Hundreds turn out for 'Free our health care' rally at state Capitol
By Jimy Valenti
Lisa Hill’s tattered and torn poster proclaiming “Gov. of, by and for the people” has seen these steps before. The self-proclaimed tea party member drove an hour and a half from Pine to the Capitol in an effort to “stop socialized medicine.”
Independence Institute President Jon Caldara addresses the rally.
Photo by Brad Jones
The Colorado Statesman
Along with Hill, hundreds turned out in support of the “Free Our Health Care” rally on Tuesday, supporting a proposed ballot initiative that would exempt Colorado from federal health care reform.
“Hell No! Colorado won’t go!” shouted Jon Caldara, president of the Golden-based conservative think tank, the Independence Institute, in his speech to supporters.
Caldara, along with Rep. Cindy Acree, R-Aurora, organized the rally to garner support for a state constitutional amendment that would bar federal coverage mandates in Colorado and legislation legally allowing Colorado to opt-out of the federal health care bill.
According to Caldara, their goal was to send a message to Colorado’s lawmakers that the fight over health care has moved from Washington D.C. to Denver. He said that if state legislators don’t stop federally mandated healthcare then Colorado’s voters will do it at the ballot box.
The proposed ballot initiative says neither state nor federal government can mandate that someone purchase health insurance or participate in any public or private health care plan. It also permits people to purchase insurance across state lines.
Colorado’s Legislative Council and Secretary of State must approve Caldara’s ballot initiative, then 76,000 signatures are needed from registered voters to get it on the ballot next November.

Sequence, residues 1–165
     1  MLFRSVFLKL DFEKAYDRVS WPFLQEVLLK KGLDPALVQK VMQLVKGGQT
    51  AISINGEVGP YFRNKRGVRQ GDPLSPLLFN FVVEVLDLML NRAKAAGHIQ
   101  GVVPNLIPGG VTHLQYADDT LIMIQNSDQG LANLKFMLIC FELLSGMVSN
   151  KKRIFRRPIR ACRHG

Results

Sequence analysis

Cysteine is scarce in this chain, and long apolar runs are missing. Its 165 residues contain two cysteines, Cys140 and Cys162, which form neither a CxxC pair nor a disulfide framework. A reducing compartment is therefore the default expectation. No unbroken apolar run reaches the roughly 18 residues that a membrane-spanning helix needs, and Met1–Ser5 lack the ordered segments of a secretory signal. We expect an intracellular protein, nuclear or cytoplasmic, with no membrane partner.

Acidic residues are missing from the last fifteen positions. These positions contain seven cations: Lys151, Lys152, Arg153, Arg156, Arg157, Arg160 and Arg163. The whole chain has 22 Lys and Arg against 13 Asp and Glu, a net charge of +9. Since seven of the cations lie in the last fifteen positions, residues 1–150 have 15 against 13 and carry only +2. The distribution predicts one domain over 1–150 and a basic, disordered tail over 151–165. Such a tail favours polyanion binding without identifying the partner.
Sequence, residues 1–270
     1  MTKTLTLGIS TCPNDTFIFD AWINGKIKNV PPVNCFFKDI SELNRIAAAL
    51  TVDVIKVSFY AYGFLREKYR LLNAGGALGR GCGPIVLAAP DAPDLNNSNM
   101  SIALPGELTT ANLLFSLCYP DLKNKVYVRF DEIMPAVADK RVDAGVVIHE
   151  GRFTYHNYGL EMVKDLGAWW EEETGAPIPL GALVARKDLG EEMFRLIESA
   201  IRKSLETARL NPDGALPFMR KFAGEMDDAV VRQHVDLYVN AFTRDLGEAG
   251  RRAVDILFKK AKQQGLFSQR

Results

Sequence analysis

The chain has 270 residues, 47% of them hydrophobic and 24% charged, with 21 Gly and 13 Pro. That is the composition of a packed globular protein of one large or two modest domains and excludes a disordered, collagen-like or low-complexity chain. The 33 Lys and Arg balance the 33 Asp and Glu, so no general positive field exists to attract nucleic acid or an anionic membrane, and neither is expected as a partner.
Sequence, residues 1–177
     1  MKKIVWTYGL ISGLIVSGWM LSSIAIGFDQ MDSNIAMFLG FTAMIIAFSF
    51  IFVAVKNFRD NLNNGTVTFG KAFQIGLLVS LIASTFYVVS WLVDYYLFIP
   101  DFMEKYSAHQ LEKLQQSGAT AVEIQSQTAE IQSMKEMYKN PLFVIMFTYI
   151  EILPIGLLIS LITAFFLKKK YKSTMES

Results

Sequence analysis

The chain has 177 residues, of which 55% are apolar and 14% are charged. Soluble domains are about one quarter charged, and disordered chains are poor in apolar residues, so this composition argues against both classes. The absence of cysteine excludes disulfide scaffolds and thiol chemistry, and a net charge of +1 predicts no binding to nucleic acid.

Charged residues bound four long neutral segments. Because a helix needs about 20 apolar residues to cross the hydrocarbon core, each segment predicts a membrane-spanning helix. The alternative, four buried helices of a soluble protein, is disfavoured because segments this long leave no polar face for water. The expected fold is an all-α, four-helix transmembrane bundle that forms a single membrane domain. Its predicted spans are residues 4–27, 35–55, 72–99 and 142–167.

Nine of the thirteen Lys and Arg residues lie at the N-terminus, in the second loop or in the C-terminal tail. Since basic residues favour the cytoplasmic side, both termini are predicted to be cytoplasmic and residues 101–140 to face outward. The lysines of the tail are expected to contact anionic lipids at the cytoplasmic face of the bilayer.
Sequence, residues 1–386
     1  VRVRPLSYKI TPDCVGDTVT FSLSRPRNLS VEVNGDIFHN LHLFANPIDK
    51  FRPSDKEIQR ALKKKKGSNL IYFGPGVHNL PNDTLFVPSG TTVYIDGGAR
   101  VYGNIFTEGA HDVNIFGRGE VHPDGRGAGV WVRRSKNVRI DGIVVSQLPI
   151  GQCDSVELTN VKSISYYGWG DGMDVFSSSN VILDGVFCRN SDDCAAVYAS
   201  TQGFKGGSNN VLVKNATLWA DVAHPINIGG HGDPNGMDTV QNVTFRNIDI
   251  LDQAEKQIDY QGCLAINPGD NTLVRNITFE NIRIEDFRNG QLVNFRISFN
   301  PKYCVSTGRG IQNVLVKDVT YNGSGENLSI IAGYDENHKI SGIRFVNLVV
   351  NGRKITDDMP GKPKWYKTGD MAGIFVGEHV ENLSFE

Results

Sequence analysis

Supporters of the Independence Institute's proposed initiative campaign see regulation of health care as a state issue under the Tenth Amendment.
Photo by Brad Jones/The Colorado Statesman
If the ballot initiative is approved, it will likely face lengthy court battles due to the “Supremacy Clause” in the US Constitution, which says federal law is superior to state law.
According to Acree, her resolution to Congress acknowledges that under the 10th amendment to the U.S. Constitution states are sovereign and Colorado may opt out of a federal health care program.
The 10th amendment was a common theme in Tuesday’s rally. Speakers also included Rep. Amy Stephens, R-Monument, local neurosurgeon Dr. Sanat Dixit and conservative radio personality and the head of the Colorado chapter of Americans for Prosperity, Jeff Crank. They spoke about striking down any health care reform mandated by the federal government.
Ed Kahn, a lawyer with the Colorado Center on Law and Policy, said he doesn’t believe the ballot initiative or legislation to exempt Colorado from a federal health care bill has any legal validity and said that these measures are an attempt to whip up support by insurance companies and opponents of national health care.
“Congress clearly has the power to pass a bill like this,” said Kahn. “The last time somebody seceded from the union was about 150 years ago.”
Republican state Rep. Cindy Acree is sponsoring legislation that would assert Colorado’s Tenth Amendment right to opt out of a federal health care system.
Photo by Brad Jones/The Colorado Statesman
Dede de Perci, executive director of the Colorado Consumer Health Initiative, said that the proposed ballot initiative and legislation is premature because a final federal bill has not been passed.
“I’m concerned about opting out of something that doesn’t yet exist!” said House Speaker Terrance Carroll, D-Denver.
According to de Perci, this opt-out strategy is purely political. She said around 26 states are currently proposing similar tactics.
“This is clearly a nationally driven movement, and nationally focused and not about Colorado values, Colorado families and communities,” said de Perci.
Caldara concluded his speech by saying this fight is not political, but personal. He said the quality health care in this country would diminish if federal reforms were enacted. Caldara, who lost a daughter to cancer and whose son has Down syndrome, said this fight is for his son’s life.
“I am not strong enough,” said Caldara. “I am not man enough to lose another child.”